Something to really consider, which can turn talent evaluators on or off of Williams as a prospect, is his 3-point shooting. He shot at an excellent rate – 41.5% – but only took 1.7 attempts per game in his lone season of college hoops, meaning it's not as easy to "buy" the shot as it would be had he taken three or more regularly.

Many have Williams mocked in the 12-to-15 range, but some do have him projected as going higher than that. Of the three mentioned thus far, Williams probably has the highest chance of actually being taken top-10.

Tidjane Salaun | Combo Forward | Cholet (LNB Elite/France)

There was hesitation in including Tidjane Salaun in this list because he has actually been rumored to be in consideration for the eighth overall pick by San Antonio. Because his name hasn't been rumored too much elsewhere at the top of this draft, it makes sense to include him here.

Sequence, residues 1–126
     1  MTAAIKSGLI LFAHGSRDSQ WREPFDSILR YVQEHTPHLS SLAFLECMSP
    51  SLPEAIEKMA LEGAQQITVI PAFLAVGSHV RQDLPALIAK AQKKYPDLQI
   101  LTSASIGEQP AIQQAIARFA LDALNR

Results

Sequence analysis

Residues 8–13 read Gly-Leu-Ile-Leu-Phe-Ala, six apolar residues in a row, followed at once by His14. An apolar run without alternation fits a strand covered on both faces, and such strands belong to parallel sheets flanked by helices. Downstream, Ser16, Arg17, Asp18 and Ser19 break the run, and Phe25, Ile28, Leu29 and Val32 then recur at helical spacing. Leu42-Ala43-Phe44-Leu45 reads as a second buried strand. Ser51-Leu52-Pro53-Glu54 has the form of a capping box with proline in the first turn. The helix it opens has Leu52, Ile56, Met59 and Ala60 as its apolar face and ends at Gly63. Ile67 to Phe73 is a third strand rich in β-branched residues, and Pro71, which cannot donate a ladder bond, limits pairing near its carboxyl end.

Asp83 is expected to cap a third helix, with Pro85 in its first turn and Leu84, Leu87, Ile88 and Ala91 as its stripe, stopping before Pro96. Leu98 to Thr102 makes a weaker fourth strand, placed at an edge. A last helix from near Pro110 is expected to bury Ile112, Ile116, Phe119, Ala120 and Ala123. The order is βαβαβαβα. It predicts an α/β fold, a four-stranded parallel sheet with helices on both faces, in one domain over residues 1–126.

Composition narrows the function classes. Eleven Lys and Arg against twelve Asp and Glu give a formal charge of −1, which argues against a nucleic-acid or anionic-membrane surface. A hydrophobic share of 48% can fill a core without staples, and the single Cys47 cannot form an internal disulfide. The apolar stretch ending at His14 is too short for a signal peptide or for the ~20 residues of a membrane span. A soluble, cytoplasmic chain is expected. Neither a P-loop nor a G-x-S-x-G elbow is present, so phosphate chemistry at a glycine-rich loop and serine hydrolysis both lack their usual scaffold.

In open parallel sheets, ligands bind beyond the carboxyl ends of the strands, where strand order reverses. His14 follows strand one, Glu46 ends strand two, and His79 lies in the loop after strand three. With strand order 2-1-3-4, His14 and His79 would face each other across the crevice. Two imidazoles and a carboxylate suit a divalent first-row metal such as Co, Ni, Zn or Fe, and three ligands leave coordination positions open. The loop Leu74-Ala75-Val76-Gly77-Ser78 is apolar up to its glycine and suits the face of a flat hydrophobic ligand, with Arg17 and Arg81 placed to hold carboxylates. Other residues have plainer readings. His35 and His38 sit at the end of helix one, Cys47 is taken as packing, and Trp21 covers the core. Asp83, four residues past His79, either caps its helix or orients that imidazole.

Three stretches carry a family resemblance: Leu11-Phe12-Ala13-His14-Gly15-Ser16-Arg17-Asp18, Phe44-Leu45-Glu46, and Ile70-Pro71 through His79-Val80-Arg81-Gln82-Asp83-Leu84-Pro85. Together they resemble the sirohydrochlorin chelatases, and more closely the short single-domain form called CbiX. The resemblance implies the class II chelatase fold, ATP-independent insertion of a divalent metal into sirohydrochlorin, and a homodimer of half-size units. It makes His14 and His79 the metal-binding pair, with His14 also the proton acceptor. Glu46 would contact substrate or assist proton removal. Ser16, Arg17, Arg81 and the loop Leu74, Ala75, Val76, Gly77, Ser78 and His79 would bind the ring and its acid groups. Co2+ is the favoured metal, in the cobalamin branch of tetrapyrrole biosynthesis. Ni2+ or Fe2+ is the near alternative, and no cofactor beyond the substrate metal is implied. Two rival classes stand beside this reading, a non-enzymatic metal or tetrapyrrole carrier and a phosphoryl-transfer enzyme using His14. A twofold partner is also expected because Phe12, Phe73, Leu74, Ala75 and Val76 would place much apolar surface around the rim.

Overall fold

Though very raw on both ends of the floor, French forward Tidjane Salaun has garnered a ton of buzz as a player who will go much higher than anticipated on draft night. Standing at 6-foot-9 with a 7-foot-2 wingspan, Salaun looks the part of an athletic NBA slasher who can attack the rim.

While he has his promise, there are a lot of flaws in Salaun's game right now, including a lacking handle and an inability to shoot well. He's also not great on the defensive end yet, though proper coaching could have him flourishing in this aspect given his physical tools.

He would to many be considered a reach here, but the Spurs have often (aside from last year) gone for players that aren't necessarily consensus. Whether that has been a positive trend is debatable.